- Amihud, Yakov & Mendelson, Haim, 1987. " Trading Mechanisms and Stock Returns: An Empirical Investigation," Journal of Finance, American Finance Association, vol. 42(3), pages 533-553, July.
- Conrad, Jennifer S & Hameed, Allaudeen & Niden, Cathy, 1994. " Volume and Autocovariances in Short-Horizon Individual Security Returns," Journal of Finance, American Finance Association, vol. 49(4), pages 1305-1329, September.
- Nam, Kiseok & Pyun, Chong Soo & Avard, Stephen L., 2001. "Asymmetric reverting behavior of short-horizon stock returns: An evidence of stock market overreaction," Journal of Banking & Finance, Elsevier, vol. 25(4), pages 807-824, April.
- Perry, Philip R., 1985. "Portfolio Serial Correlation and Nonsynchronous Trading," Journal of Financial and Quantitative Analysis, Cambridge University Press, vol. 20(04), pages 517-523, December.
- Tarun Chordia & Bhaskaran Swaminathan, 2000. "Trading Volume and Cross-Autocorrelations in Stock Returns," Journal of Finance, American Finance Association, vol. 55(2), pages 913-935, 04.
- Atkins, Allen B. & Dyl, Edward A., 1990. "Price Reversals, Bid-Ask Spreads, and Market Efficiency," Journal of Financial and Quantitative Analysis, Cambridge University Press, vol. 25(04), pages 535-547, December.
- Sias, Richard W. & Starks, Laura T., 1997. "Return autocorrelation and institutional investors," Journal of Financial Economics, Elsevier, vol. 46(1), pages 103-131, October.
- Jain, Prem C. & Joh, Gun-Ho, 1988. "The Dependence between Hourly Prices and Trading Volume," Journal of Financial and Quantitative Analysis, Cambridge University Press, vol. 23(03), pages 269-283, September.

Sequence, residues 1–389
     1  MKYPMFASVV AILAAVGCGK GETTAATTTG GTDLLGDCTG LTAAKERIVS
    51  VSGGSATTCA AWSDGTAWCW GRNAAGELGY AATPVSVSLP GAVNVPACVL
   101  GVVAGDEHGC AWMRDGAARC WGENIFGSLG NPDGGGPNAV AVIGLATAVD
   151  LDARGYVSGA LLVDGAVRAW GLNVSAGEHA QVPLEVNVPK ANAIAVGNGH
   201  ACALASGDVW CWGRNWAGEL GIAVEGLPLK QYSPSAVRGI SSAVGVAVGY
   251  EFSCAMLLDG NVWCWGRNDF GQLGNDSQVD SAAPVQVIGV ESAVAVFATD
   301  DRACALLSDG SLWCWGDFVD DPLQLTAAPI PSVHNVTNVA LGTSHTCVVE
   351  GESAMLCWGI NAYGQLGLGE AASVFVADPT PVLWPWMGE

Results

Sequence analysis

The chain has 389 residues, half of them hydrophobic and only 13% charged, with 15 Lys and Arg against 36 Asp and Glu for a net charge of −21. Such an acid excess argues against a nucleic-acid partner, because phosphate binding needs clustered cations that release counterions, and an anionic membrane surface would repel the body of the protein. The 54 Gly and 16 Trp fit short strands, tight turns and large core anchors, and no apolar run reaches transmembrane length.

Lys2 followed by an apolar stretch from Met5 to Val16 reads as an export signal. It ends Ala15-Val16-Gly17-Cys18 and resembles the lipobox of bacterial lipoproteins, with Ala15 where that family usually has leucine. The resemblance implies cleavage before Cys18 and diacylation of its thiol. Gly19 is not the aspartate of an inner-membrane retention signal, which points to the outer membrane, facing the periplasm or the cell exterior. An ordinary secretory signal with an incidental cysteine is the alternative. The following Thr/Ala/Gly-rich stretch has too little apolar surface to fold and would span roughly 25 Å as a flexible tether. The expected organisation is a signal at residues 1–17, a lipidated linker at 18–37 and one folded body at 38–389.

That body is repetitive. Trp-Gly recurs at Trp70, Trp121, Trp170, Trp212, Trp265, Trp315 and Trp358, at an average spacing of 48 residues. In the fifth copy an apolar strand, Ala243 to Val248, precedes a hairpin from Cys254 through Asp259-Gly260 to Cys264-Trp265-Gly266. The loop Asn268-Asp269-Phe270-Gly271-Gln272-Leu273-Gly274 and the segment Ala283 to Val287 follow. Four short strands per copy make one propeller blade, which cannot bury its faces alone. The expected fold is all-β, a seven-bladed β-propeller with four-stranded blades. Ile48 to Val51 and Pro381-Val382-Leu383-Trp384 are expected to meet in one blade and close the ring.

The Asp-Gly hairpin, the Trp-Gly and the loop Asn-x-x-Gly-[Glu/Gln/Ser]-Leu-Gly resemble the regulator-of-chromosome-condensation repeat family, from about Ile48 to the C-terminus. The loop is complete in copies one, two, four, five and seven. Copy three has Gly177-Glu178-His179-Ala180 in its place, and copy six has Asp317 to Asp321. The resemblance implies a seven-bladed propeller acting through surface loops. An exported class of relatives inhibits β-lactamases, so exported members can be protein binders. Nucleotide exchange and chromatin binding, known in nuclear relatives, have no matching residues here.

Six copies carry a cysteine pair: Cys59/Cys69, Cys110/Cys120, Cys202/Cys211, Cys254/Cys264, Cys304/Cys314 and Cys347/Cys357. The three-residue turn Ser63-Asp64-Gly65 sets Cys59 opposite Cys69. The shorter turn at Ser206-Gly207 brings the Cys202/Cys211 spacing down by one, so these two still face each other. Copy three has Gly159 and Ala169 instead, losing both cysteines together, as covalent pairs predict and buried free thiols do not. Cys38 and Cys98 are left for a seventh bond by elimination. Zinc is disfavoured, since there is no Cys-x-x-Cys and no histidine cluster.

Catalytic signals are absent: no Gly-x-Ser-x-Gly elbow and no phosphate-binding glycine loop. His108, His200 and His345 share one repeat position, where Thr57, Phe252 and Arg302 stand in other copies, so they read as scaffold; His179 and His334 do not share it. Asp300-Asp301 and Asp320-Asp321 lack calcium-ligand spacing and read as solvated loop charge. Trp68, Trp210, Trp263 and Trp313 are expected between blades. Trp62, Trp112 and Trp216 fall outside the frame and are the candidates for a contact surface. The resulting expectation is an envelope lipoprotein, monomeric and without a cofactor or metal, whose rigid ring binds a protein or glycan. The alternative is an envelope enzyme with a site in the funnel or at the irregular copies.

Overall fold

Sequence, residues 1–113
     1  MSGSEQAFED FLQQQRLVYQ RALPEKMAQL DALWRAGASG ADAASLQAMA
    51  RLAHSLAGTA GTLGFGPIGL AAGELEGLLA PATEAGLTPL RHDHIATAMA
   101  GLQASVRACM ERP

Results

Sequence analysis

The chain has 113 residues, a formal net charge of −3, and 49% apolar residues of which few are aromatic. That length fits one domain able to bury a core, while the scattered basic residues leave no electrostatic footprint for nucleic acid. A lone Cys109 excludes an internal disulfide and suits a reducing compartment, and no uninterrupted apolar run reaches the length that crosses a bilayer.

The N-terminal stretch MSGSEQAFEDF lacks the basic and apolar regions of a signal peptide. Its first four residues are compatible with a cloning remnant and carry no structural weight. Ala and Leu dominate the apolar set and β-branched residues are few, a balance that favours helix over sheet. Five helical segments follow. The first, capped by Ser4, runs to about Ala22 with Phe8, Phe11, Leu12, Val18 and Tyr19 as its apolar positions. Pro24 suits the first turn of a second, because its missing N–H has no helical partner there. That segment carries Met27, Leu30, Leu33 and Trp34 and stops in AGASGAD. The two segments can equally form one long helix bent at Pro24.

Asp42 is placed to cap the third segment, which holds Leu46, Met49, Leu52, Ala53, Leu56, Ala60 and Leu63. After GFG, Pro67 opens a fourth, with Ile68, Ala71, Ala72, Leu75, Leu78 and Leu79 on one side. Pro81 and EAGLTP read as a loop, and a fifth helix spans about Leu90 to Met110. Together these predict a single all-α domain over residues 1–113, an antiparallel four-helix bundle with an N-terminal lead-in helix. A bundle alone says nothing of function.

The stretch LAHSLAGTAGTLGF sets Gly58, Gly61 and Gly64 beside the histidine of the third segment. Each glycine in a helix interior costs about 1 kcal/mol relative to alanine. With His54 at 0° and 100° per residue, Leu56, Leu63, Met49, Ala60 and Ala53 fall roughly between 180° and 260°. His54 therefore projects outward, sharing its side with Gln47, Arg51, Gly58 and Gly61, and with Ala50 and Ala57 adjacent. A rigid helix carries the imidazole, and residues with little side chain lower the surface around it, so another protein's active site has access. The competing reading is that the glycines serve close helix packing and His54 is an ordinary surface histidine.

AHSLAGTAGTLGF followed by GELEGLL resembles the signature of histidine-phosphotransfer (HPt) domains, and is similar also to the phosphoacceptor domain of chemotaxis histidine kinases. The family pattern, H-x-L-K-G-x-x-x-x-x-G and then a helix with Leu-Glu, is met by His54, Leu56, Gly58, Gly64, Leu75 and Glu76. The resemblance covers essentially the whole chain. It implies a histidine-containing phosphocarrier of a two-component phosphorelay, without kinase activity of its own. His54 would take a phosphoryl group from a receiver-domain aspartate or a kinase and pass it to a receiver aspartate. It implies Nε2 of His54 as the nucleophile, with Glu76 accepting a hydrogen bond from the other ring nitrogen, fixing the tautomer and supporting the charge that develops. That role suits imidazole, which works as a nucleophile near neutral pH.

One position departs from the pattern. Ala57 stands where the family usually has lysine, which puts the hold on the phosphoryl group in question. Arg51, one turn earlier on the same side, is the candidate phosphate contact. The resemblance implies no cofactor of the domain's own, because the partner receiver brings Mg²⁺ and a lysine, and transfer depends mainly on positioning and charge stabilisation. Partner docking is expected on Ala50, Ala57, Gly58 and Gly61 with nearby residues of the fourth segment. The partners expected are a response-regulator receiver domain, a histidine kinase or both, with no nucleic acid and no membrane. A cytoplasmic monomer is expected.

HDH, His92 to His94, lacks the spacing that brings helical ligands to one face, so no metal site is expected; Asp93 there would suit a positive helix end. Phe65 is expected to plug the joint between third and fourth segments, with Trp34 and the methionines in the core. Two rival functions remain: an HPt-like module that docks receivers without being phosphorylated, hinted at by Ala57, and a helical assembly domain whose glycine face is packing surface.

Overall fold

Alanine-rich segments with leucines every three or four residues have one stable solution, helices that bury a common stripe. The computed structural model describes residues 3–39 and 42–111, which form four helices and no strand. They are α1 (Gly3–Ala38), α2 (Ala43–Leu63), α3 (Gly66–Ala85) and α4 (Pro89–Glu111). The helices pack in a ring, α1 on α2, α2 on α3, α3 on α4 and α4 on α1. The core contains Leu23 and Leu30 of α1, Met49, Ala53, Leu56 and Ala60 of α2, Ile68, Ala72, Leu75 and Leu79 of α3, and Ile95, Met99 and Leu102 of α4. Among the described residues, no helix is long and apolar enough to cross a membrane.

- De Bondt, Werner F M & Thaler, Richard, 1985. " Does the Stock Market Overreact?," Journal of Finance, American Finance Association, vol. 40(3), pages 793-805, July.
- Dong-Hyun Ahn & Jacob Boudoukh & Matthew Richardson & Robert F. Whitelaw, 2002. "Partial Adjustment or Stale Prices? Implications from Stock Index and Futures Return Autocorrelations," Review of Financial Studies, Society for Financial Studies, vol. 15(2), pages 655-689, March.
- Cox, Don R & Peterson, David R, 1994. " Stock Returns Following Large One-Day Declines: Evidence on Short-Term Reversals and Longer-Term Performance," Journal of Finance, American Finance Association, vol. 49(1), pages 255-267, March.
- Rhee, S. Ghon & Wang, Chi-Jeng, 1997. "The bid-ask bounce effect and the spread size effect: Evidence from the Taiwan stock market," Pacific-Basin Finance Journal, Elsevier, vol. 5(2), pages 231-258, June.
- Bruce N. Lehmann, 1988. "Fads, Martingales, and Market Efficiency," NBER Working Papers 2533, National Bureau of Economic Research, Inc.
- Bruce N. Lehmann, 1990. "Fads, Martingales, and Market Efficiency," The Quarterly Journal of Economics, Oxford University Press, vol. 105(1), pages 1-28. Full references (including those not matched with items on IDEAS)
When requesting a correction, please mention this item's handle: RePEc:blg:journl:v:7:y:2012:i:3:p:58-73. See general information about how to correct material in RePEc.
For technical questions regarding this item, or to correct its authors, title, abstract, bibliographic or download information, contact: (Mihaela Herciu)
If you have authored this item and are not yet registered with RePEc, we encourage you to do it here. This allows to link your profile to this item. It also allows you to accept potential citations to this item that we are uncertain about.
If references are entirely missing, you can add them using this form.
If the full references list an item that is present in RePEc, but the system did not link to it, you can help with this form.
If you know of missing items citing this one, you can help us creating those links by adding the relevant references in the same way as above, for each refering item. If you are a registered author of this item, you may also want to check the "citations" tab in your profile, as there may be some citations waiting for confirmation.
Please note that corrections may take a couple of weeks to filter through the various RePEc services.